ERIC Number: EJ1003256
Record Type: Journal
Publication Date: 2012-Dec
Reference Count: 0
Three Major Sins of Professional Development: How Can We Make It Better?
Varela, Alejandra M.
Education Digest: Essential Readings Condensed for Quick Review, v78 n4 p17-20 Dec 2012
Teachers often complain about the professional development opportunities. And it is not uncommon for absenteeism to increase among teachers and staff during in-service days. The biggest problem that professional development has encountered is that it is usually developed as an isolated requirement, with no real connection to daily teaching and with almost no teacher input. The present educational system, with its emphasis on accountability, puts enormous pressures on teachers, especially those of English and the Language Arts, to teach fluency, comprehension, and critical-thinking skills as an integrated whole. However, the in-service that most schools provide turns teachers into passive learners. In this format, teachers become novice learners, lectured on "how to do it right" but never shown how new strategies work in action. While it's known that individualized and active learning improve teachers' practice, that has been largely ignored by in-service developers. Thus, the three major sins of modern professional development are: (1) a one-size-fits-all mentality; (2) in-service isolated from daily classroom practices; and (3) a lack of follow-up. Two basic elements must be implemented to begin an effective transformation: (1) Involve teachers in the analysis of data and selection of activities; and (2) School leaders must explain aggregated student data from state and/or benchmark assessments. Professional development must be on-going. Common planning time should be used to examine student data and obtain teachers' input on areas of greatest need. But data alone should not be used to make decisions. Teachers have first-hand knowledge of strategies and programs being implemented and are an invaluable source when planning professional development. In-service days should incorporate cross-curricular models so that teachers can obtain a holistic understanding of what is expected in other grade levels, both below and above. The idea is to work together and stop the isolation in professional development.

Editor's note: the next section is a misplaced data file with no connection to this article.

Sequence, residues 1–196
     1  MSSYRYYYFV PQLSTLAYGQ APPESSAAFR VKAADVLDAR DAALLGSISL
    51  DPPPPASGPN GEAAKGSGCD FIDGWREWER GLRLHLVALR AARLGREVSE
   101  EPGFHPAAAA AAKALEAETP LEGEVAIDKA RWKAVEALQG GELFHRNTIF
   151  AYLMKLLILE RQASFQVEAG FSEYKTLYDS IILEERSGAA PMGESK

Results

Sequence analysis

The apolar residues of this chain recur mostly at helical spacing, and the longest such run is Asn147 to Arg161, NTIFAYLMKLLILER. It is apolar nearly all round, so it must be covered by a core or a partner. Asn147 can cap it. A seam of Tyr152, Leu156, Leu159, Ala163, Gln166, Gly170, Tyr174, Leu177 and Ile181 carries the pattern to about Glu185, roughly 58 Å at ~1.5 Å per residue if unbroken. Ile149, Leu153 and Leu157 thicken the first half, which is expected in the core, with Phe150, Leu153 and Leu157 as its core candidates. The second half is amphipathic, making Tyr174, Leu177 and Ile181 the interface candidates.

Descriptors: Thinking Skills, Educational Opportunities, Active Learning, Novices, Faculty Development, Professional Development, Accountability, Teachers, Classroom Techniques, Instruction, Teaching Methods, Administrators, Classroom Observation Techniques, Inservice Teacher Education
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Publication Type: Journal Articles; Reports - Descriptive
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